Factitious Disorder Imposed on Another (Munchausen by proxy) Differential Diagnoses

Updated: Jun 25, 2020
  • Author: Marc D Feldman, MD; Chief Editor: Glen L Xiong, MD  more...
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Diagnostic Considerations

As with other forms of abuse, a high index of suspicion is necessary to detect factitious disorder imposed on another (FDIA). The stakes are high; FDIA abuse is dangerous, but falsely accusing caregivers is disastrous as well. A diagnosis of FDIA may be considered from the beginning of interaction with a caregiver/potential victim, but the ultimate conclusion depends on evidence. The professional should not hesitate to reach out to colleagues and consultants who are experienced in FDIA cases as well as protective agencies. Often confirmation/disconfirmation of a case requires a painstaking review of all possible family records, specialized forensic interviews with key informants, and formation of a multidisciplinary team.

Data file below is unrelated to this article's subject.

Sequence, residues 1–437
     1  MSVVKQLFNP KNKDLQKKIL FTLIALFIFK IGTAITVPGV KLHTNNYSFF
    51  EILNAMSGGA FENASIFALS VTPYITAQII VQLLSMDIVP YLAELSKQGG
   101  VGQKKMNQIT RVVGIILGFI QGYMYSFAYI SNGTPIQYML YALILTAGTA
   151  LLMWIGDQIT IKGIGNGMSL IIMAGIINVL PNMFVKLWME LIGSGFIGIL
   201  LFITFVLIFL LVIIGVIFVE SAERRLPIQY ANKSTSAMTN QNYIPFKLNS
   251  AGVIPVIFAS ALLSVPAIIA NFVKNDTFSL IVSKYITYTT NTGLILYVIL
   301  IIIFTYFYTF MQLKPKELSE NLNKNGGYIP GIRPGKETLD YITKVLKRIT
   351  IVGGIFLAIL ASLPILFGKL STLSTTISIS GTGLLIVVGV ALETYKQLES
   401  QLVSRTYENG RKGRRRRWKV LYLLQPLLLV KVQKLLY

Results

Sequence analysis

Differential diagnoses for the perpetrator may include:

  • Psychosis or delusional beliefs about the victim
  • Misinformed or negligent caregiving
  • Cultural differences in caregiving

Differential Diagnoses